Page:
Thanks Scott for recounting these words. Whenever one reads the CPC Report and the Preamble of the Constitution, one always realises how much wisdom went into writing those things. You also realise the sad reality that whilst we set grand and wise benchmarks, we did not take the time to build the foundations for those dreams to be realised. And so we look at the sad reality of our current life not necessarily reflecting those ideals. For instance the goals of not allowing our education to alienate us from our roots…yet the curriculum does not point our children to our roots. Our curriculum does not teach the journey of nationhood and the CPC report and the NGDP or the Constitution. Yet our Number 1 BSO is to act in the spirit of the Constitution. How can we do so when we don’t know what that spirit is? Such awesome ideals, but such grave blunders in our foundation-building.

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  3. Granger Narara

    Thanks Scott. It is very humbling to reflect back to the wisdom and potential for greatness that is encapsulated by the Constitutional Planning Committee when they penned this Ten Point Guide prior to Independence. It is humbling in that on many points, we have failed to achieve these ideals that were to be our guiding light, after 45 years of freedom.

    My take on this is that the writers assumed all our people would be united and like minded in the pursuit to prevent our country and its vast resources from being pillaged by our colonisers. We were to retain control of these resources and utilise the gained wealth to implement the virtues of this grand plan.

    The one overlooked factor sadly seems to have been the failure to recognise the possibility that not all our people would be like minded, and that some of our own people in positions of leadership and responsibility would be the ones pillaging our wealth through corruption and misdeeds. So in the end the very damage we wanted to prevent happening by gaining Independence was instigated from within and as a result we have unfortunately fallen well short of this high standards we were expected to achieve.

    Having said that. I believe these ideals are still very achievable but the key lies in educating the next generation of leaders and recognising the need to establish robust, accountable enforceable regulations. This is not only essential but critical.

    I believe in the resilience of our people and our ability to take control of our own destiny to get back on track. These guidelines are more applicable now then they ever have been!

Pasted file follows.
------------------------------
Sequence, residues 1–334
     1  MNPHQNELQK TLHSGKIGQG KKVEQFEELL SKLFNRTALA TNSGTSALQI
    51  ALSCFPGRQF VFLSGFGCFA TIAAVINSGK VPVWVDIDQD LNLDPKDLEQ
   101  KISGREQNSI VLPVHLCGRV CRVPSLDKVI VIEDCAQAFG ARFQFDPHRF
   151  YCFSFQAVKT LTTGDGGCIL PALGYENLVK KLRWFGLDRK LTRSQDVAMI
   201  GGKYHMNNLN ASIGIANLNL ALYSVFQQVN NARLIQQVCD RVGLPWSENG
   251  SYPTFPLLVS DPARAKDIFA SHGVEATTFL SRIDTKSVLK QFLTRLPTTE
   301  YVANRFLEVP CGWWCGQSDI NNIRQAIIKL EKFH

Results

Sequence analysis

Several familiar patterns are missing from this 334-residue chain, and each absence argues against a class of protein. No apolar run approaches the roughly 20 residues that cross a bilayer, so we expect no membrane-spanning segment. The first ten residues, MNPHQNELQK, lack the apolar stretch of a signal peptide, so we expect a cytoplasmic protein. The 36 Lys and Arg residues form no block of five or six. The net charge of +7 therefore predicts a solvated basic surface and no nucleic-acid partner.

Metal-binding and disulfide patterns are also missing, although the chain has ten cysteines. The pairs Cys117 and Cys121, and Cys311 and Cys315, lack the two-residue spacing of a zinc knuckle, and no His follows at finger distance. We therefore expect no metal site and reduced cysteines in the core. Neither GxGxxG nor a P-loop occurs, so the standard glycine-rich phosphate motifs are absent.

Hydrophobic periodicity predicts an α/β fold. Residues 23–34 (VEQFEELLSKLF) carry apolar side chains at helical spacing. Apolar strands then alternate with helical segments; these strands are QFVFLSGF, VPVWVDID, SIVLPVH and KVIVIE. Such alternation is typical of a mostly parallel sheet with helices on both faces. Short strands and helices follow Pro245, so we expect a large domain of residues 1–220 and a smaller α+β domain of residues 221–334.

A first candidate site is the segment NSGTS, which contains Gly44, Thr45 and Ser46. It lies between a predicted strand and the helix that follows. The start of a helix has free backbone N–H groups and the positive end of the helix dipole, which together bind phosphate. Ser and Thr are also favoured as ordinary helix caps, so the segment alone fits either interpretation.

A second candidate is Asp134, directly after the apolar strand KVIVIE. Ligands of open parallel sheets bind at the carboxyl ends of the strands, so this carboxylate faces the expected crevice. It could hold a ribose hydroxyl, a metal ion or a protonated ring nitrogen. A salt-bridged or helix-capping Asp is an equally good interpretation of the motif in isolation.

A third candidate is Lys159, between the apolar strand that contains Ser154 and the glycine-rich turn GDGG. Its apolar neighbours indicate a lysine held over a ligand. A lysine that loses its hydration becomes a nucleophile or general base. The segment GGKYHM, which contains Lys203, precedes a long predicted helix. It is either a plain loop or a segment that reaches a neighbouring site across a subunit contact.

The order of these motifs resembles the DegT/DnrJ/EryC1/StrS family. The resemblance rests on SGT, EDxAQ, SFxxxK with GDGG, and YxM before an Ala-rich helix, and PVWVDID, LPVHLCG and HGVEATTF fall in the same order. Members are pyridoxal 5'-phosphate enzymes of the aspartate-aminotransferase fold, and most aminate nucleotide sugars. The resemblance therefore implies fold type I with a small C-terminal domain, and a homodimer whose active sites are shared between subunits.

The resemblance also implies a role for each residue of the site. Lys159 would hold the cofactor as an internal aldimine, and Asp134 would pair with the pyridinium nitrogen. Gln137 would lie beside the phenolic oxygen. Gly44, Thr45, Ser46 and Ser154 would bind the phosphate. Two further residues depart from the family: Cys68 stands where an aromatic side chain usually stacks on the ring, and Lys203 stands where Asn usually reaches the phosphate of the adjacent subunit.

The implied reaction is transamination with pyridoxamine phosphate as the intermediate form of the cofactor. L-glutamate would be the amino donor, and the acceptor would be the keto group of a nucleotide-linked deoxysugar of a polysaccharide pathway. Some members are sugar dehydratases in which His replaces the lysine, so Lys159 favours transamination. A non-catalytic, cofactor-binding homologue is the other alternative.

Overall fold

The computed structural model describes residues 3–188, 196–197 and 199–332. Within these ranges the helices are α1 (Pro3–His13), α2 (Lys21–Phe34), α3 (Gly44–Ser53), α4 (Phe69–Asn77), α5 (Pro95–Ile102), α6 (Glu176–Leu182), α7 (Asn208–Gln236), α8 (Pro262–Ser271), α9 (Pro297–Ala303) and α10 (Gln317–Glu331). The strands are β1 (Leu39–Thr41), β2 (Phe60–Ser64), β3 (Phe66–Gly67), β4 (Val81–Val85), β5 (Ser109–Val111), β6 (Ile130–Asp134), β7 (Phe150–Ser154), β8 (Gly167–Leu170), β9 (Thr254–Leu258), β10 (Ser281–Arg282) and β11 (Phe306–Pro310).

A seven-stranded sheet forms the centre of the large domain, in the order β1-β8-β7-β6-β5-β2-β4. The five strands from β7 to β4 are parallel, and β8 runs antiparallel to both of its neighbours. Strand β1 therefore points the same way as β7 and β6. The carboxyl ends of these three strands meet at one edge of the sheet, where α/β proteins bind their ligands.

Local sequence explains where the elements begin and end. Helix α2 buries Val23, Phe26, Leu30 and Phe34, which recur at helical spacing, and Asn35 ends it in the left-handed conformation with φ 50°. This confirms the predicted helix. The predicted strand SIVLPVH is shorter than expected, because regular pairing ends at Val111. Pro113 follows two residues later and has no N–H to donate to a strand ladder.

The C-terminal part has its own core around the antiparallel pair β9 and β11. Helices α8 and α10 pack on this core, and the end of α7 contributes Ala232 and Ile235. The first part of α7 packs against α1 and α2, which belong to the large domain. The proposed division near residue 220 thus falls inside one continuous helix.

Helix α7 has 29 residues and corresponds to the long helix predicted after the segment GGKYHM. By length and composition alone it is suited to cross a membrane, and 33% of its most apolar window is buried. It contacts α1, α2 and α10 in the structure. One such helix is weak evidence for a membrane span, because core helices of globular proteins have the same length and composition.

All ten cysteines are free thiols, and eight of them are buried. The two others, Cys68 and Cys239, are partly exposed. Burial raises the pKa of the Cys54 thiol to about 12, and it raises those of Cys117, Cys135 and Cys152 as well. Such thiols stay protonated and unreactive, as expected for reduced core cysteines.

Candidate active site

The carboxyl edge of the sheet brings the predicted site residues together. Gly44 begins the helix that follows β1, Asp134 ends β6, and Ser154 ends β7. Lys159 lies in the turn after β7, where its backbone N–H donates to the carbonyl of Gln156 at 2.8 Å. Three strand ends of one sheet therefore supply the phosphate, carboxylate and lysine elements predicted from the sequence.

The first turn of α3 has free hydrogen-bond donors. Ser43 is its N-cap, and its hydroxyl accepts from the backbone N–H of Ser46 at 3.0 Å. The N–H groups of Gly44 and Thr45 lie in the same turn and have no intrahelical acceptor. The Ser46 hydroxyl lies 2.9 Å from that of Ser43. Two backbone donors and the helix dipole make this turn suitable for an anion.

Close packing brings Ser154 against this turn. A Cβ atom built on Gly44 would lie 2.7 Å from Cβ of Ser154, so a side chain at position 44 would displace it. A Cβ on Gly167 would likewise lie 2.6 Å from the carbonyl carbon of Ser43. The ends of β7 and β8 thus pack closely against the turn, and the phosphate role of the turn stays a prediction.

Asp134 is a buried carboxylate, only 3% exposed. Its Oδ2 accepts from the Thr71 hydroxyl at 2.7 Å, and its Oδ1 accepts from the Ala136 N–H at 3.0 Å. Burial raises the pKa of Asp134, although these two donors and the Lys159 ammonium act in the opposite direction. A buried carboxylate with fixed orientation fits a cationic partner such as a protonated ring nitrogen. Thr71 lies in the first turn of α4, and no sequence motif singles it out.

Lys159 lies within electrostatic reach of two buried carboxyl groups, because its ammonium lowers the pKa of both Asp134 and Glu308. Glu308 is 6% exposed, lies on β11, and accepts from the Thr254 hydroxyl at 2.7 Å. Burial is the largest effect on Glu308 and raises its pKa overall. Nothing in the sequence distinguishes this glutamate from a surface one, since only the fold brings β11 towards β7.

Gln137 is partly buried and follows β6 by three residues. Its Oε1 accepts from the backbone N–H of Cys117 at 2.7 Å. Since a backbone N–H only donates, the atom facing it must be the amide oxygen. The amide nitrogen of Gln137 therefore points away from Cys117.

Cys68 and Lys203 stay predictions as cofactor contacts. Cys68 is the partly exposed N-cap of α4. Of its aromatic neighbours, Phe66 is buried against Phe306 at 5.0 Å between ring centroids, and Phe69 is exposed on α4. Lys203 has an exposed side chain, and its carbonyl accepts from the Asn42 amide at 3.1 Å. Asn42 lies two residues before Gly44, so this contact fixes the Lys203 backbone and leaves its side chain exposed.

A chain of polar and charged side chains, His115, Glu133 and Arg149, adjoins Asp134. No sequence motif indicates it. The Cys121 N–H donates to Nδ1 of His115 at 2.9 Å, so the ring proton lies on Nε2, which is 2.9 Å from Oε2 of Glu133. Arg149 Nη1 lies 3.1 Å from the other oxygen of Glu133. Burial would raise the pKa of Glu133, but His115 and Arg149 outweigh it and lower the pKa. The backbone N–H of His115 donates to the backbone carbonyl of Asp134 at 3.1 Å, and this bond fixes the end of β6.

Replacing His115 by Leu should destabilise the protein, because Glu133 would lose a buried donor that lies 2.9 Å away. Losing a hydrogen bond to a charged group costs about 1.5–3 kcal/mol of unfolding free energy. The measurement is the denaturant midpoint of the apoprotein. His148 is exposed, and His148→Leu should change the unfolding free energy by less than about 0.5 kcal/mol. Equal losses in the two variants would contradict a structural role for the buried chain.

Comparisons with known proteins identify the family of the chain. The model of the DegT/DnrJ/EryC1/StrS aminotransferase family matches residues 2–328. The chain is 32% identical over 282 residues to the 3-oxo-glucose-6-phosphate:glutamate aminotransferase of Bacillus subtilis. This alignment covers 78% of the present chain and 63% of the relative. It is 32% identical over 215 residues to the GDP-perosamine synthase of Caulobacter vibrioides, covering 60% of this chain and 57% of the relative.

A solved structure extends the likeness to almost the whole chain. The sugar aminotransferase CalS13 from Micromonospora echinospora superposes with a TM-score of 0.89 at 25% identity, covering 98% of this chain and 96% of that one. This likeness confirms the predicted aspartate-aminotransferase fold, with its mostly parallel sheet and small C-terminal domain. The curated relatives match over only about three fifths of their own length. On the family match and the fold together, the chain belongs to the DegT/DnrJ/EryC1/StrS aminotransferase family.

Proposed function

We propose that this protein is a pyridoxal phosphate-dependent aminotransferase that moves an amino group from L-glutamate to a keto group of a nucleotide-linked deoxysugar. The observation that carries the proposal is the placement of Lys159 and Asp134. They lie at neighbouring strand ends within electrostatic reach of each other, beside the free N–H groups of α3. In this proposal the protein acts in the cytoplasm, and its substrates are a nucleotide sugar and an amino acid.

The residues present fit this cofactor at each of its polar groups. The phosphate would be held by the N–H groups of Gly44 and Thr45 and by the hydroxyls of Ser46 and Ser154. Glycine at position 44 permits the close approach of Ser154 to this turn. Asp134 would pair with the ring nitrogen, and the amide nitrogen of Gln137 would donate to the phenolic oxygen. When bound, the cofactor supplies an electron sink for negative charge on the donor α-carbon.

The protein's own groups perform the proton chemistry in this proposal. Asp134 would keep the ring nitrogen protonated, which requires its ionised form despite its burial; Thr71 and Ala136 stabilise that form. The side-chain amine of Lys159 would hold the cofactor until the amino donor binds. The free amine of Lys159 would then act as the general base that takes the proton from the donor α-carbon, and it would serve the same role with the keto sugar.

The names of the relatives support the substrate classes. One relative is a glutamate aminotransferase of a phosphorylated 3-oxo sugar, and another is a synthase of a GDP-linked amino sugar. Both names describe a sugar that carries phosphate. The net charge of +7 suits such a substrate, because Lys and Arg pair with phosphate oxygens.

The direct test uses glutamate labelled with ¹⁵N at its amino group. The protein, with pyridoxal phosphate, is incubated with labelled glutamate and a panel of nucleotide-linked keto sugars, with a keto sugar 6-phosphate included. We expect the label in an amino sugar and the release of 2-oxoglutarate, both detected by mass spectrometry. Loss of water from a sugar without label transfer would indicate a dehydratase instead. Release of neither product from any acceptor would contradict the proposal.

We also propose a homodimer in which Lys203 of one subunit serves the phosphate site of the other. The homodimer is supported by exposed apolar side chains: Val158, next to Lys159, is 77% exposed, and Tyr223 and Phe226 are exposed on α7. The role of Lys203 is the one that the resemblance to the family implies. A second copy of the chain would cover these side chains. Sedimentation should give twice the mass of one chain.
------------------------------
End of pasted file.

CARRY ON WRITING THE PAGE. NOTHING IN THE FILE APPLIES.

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  4. Thank you Scott! I for one, have not much knowledge about our country’s National Goals and Directive Principles or even know much of what is in the Constitution. Maybe it is out of ignorance or maybe just not a priority in terms of my professional skills and what I would spend my time in doing – and reading this part ..”Universities have furthered this process of alienation” – I understand now why it is what it is. True… the more we move away from the study of history in Social Science class in Year 8, unless you choose the field of social science studies, you continue that learning, otherwise – it becomes all technical and scientific, learning much about your field and global perspectives – and its sad. Being in NZ and studying at the university here, one thing I observe is how the Maori culture and learning is intertwined with everything and everyone is encouraged to learn about the culture. It is a compulsory subject in the primary, secondary schools and in Uni, there is their ‘marae’ (cultural house) that international students are asked to at least spend a weekend there – to learn more about the culture and tradition. It is all in-built as part of the education, so people do not forget and are made aware. Even ethics approval for research proposals – there is a Maori culture section that is part of the application. Grand Chief’s passing has allowed us to pause and reflect and re-learn about our history – how we have come, and to look at where we are going. Thank you for your post that has encouraged me to go back and read about the guiding principles , Somare Vision and to teach my children about this and look at how best we can all contribute towards this vision and re-directing us back to these guiding principles. Blessings.